I’m talking about it

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We interrupt the December theme of ornaments and recipes for this dark shot of reality.

It’s political, but it shouldn’t be, so I have to get my thoughts out here.

Friday’s tragedy in Newtown Connecticut was devastating. The nation has reacted in sadness and with empathy for the families who have suffered and unimaginable amount of pain. So it has been on everyone’s mind in some form.

Yesterday while driving past an elementary school on the way to our Sunday morning trail run, just the sight of the school gave me chills and brought tears to my eyes. I have no connection to that school, know no one there, but just seeing a place that is supposed to be filled with innocence and learning and knowing how one was shattered just a few days before shook me deeply.

This morning I received a message from the high school principal where 16 attends school. He was re-assuring the parents about all the precautionary steps they take to keep our kids safe.

It was a stark reminder that our children have never known a time when they didn’t have to go through lock down drills to guard against school shootings.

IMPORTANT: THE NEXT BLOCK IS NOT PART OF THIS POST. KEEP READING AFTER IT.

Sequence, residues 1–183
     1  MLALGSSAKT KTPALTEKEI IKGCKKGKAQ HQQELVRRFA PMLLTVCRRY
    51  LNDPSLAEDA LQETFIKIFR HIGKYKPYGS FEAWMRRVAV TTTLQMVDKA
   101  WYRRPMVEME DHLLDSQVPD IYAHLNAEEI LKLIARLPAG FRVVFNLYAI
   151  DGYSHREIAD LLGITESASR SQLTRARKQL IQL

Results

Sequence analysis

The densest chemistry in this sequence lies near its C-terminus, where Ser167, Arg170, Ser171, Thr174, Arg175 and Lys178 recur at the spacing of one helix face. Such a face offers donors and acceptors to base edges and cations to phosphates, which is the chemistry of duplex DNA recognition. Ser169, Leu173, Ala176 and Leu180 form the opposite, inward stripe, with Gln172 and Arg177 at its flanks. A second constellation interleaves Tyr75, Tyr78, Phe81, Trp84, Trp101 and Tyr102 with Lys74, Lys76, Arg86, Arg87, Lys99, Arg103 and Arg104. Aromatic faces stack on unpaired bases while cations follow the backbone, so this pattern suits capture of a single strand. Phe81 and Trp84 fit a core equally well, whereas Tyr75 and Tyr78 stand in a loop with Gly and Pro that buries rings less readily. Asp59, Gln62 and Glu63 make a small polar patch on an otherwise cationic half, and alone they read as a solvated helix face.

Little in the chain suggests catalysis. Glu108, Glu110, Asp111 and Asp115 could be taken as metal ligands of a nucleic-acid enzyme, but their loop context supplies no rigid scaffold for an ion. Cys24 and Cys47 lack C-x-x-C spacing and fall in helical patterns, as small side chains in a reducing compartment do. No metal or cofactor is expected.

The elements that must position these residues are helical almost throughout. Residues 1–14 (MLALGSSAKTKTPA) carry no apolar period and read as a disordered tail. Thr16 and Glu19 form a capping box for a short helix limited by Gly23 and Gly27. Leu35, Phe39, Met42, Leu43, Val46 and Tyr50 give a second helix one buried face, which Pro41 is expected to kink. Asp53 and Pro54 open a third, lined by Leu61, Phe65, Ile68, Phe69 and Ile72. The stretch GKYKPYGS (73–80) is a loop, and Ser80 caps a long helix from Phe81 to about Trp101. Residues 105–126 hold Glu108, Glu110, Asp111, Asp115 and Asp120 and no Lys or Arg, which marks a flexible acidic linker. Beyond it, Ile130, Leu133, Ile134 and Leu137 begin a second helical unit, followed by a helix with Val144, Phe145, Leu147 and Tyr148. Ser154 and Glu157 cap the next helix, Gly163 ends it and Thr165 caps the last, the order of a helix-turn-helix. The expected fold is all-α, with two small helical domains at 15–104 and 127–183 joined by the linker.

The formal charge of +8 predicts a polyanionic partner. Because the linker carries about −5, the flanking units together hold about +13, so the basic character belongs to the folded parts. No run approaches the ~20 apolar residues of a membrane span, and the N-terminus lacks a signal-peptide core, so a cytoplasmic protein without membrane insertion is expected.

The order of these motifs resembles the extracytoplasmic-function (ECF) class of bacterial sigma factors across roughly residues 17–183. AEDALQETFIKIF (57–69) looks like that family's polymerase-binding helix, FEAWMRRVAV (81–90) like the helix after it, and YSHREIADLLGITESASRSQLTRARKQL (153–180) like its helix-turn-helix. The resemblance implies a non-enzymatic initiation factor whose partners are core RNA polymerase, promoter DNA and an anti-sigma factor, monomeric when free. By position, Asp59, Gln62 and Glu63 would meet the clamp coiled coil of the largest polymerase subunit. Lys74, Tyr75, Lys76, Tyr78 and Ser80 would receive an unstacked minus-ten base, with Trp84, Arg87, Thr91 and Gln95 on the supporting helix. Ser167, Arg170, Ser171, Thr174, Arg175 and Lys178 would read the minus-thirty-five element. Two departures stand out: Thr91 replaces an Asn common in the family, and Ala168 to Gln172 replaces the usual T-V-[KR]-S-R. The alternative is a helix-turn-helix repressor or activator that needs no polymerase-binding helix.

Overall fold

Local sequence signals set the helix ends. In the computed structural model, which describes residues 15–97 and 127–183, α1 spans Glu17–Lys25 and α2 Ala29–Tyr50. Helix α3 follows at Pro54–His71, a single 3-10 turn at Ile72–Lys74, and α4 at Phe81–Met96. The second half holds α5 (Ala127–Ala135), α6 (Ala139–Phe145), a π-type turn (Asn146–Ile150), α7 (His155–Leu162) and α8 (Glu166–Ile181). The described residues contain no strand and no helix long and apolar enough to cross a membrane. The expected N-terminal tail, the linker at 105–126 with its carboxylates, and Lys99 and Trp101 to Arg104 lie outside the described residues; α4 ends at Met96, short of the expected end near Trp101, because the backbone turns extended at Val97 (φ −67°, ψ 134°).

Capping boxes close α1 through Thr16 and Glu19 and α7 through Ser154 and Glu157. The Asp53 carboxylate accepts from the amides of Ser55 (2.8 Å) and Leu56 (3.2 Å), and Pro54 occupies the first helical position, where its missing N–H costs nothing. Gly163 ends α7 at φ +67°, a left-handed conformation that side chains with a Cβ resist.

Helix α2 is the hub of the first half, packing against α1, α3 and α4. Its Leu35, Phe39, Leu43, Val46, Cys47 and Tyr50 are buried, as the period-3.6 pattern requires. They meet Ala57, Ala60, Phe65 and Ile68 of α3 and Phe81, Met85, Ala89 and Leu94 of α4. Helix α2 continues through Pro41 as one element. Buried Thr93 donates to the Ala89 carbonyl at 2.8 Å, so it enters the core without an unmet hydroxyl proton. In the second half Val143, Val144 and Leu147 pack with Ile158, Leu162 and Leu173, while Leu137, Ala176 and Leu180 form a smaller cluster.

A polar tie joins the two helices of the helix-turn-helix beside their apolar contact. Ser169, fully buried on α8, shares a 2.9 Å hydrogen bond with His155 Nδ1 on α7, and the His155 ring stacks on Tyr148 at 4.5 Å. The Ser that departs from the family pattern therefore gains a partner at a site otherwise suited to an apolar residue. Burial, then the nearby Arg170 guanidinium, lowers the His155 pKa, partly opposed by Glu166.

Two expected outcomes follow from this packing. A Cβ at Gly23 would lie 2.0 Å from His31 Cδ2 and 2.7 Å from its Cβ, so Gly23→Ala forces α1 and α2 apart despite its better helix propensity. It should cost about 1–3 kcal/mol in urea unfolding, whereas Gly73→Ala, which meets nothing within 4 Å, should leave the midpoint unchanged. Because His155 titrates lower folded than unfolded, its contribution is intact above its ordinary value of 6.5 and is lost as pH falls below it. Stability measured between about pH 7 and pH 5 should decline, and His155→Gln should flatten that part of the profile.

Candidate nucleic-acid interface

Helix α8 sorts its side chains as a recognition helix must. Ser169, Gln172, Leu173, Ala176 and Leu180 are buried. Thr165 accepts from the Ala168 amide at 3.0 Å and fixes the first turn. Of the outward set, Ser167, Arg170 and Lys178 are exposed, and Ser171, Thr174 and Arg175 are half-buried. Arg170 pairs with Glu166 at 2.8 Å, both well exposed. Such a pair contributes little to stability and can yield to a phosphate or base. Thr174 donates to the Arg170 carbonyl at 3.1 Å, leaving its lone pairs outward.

I never endured those. I had fire drills and earthquake drills, but I was blessed to go to school AFTER the nuclear drill scares and BEFORE the school shootings started.

For whatever reason the drills I did go through didn’t particularly frighten me. Mostly because there was a sense that the cause was “natural” (I put that in quotes since obviously fires can be started by humans but I think you get the gist of it, right?). What we were training for were things not under human control. It wasn’t that HUMANS were trying to harm us, it was the weather or nature or basically non-human related events.

In this child’s mind anyway. Those drills didn’t teach me to fear random humans. But those lock down drills sure do.

It’s domestic terrorism. Plain and simple. But there is no cause they are fighting for. No specific group we can target to guard against. Nope, it’s just random acts of terror simply because a violently inclined disturbed mind has easy access to weapons that can kill more and more people more accurately and faster than ever. It can be a mall, a church, a school, a workplace, a community gathering, a movie theater, a beauty salon, etc etc etc. Any place where people gather as they go about their regular day.

It’s infuriating and as the President said last night at the memorial service in Newtown – it has GOT to stop.